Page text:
It’s exciting to see Shyamalan on such confident footing once more, all these years later.
Here is a movie about four people who have known one another for a long time, and how their relationships shift in a way that was slow in the preparation. The film makes us care for them, and so our attention is held. I've seen films where superheroes shift alliances, and I only yawned. What matters is not the scope of a story, it's the depth.
Part of the pleasure in Claire Denis' "35 Shots of Rum" is working out how these people are involved with the others. Two couples live across a hallway from each other in the same Paris apartment building. Neither couple is "together." Gabrielle and Noe have the vibes of roommates, but the way Lionel and Josephine obviously love each other, it's a small shock when she calls him "Papa."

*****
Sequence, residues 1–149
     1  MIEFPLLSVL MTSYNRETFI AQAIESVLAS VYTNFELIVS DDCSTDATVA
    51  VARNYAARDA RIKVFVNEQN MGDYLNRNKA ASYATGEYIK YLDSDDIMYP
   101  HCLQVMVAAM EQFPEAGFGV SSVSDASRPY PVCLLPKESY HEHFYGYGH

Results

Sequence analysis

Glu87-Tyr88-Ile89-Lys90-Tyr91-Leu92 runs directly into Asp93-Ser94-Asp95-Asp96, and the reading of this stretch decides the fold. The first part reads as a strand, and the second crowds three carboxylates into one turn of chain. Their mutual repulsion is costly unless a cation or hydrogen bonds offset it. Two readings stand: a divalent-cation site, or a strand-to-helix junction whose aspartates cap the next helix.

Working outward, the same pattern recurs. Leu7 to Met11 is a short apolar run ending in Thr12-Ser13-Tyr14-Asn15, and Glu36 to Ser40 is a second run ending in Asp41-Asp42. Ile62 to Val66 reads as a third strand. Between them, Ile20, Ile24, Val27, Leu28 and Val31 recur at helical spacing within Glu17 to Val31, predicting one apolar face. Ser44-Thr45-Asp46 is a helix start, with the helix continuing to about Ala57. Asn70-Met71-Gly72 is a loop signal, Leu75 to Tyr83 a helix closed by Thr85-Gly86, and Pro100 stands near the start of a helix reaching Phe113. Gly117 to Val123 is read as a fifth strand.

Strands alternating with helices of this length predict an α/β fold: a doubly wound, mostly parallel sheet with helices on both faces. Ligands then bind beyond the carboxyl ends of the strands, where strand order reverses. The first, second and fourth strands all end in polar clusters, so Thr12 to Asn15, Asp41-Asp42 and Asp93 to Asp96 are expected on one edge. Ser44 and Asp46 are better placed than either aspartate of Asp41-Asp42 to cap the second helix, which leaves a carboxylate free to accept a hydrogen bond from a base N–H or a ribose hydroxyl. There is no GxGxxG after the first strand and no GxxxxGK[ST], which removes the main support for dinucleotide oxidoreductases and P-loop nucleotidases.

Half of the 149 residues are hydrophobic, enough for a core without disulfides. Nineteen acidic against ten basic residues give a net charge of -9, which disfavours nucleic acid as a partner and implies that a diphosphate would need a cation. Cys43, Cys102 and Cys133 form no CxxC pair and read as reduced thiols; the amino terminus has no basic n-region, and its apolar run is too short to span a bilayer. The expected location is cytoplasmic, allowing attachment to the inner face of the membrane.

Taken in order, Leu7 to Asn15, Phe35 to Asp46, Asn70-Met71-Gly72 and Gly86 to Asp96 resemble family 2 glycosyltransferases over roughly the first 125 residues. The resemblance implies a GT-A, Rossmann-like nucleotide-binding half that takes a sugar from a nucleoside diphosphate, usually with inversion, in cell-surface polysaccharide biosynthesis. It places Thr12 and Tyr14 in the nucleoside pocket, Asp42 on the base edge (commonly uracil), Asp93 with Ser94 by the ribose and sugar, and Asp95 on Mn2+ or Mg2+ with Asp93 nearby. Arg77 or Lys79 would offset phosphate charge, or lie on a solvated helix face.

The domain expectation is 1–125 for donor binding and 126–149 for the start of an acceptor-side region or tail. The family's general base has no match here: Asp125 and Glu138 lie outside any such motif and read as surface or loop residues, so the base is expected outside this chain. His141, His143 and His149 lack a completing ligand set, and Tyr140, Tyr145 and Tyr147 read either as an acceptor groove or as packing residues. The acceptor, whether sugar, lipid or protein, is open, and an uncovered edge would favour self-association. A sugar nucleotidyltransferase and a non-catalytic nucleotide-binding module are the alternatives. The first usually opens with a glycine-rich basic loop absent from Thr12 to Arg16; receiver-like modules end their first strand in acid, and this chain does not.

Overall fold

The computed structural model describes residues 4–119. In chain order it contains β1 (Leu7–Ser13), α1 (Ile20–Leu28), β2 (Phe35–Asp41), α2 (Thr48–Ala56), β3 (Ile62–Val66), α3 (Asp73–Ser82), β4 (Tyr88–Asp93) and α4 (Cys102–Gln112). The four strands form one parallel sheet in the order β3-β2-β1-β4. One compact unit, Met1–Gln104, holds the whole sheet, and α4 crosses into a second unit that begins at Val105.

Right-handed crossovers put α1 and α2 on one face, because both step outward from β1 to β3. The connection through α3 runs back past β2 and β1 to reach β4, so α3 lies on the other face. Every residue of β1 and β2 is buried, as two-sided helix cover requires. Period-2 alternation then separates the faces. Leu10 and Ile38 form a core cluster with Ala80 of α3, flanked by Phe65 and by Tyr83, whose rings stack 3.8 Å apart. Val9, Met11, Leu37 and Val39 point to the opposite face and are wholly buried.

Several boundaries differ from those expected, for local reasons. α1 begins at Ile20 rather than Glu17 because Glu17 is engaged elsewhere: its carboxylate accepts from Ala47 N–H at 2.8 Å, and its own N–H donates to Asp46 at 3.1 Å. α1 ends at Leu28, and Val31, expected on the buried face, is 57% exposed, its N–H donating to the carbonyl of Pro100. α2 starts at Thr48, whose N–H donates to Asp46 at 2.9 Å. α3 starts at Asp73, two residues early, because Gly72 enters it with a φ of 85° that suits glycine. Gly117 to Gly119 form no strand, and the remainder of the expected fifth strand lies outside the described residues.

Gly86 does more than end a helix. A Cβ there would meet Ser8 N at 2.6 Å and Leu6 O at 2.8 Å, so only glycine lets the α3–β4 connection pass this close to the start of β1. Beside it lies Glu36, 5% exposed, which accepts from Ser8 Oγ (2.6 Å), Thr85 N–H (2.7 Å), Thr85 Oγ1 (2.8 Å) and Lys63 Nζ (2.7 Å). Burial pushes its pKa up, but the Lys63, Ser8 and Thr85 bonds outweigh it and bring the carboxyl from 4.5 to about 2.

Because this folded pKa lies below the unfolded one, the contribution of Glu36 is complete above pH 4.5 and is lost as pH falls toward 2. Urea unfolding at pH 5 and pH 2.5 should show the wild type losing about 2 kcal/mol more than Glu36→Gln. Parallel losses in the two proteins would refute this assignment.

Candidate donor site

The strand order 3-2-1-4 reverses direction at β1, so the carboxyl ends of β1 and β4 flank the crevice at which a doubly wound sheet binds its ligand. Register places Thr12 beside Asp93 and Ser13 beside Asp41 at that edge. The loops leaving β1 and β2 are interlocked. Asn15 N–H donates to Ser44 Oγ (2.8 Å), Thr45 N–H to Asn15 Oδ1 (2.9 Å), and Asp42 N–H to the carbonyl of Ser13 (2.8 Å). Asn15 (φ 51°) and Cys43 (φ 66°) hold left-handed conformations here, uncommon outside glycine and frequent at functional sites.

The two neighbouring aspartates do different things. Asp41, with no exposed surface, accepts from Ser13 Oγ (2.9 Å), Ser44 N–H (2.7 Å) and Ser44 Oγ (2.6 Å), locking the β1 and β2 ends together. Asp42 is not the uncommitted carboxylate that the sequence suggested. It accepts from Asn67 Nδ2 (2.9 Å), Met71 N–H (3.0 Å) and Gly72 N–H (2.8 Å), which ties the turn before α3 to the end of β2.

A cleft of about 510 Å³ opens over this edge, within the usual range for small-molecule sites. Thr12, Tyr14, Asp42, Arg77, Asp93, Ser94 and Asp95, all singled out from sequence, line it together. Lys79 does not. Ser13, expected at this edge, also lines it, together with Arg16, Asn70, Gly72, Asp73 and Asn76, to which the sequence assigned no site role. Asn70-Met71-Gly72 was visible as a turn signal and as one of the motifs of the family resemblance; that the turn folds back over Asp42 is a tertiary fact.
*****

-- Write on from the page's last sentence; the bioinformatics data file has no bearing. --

Lionel (Alex Descas) is a French train engineer. Josephine (Mati Diop) works in a music store. Gabrielle (Nicole Dogue) drives her own taxi. Noe (Gregoire Colin) is of uncertain plans. He claims only his much-loved cat is preventing him from moving to Brazil. The four people are in and out of both apartments that we sense they're a virtual family. Small events take place. A guy flirts with Jo at her store. Gabrielle deals with a talkative customer. Lionel and Jo both bring home rice cookers, so Jo puts hers aside so as not to hurt his feelings.
At work, Lionel attends a retirement party for a longtime engineer, Rene. His fellow workers love him, but Rene is miserable. He has no desire to retire. Afterward on a bus, he confesses to Lionel that he has no idea how he got into his life to begin with. He has no desire to be an engineer. Spending his life on trains and buses is no way to live.